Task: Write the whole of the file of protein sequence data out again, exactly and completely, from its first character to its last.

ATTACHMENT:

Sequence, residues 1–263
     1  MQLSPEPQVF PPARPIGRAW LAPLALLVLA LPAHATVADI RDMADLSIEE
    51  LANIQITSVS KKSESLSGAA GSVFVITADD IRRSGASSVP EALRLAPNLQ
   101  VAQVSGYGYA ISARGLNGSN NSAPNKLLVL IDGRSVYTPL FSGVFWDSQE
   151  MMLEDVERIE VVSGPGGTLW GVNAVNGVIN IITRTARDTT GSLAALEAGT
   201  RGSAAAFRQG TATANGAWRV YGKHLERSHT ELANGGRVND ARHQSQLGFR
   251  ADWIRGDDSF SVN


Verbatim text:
Sequence, residues 1–263
     1  MQLSPEPQVF PPARPIGRAW LAPLALLVLA LPAHATVADI RDMADLSIEE
    51  LANIQITSVS KKSESLSGAA GSVFVITADD IRRSGASSVP EALRLAPNLQ
   101  VAQVSGYGYA ISARGLNGSN NSAPNKLLVL IDGRSVYTPL FSGVFWDSQE
   151  MMLEDVERIE VVSGPGGTLW GVNAVNGVIN IITRTARDTT GSLAALEAGT
   201  RGSAAAFRQG TATANGAWRV YGKHLERSHT ELANGGRVND ARHQSQLGFR
   251  ADWIRGDDSF SVN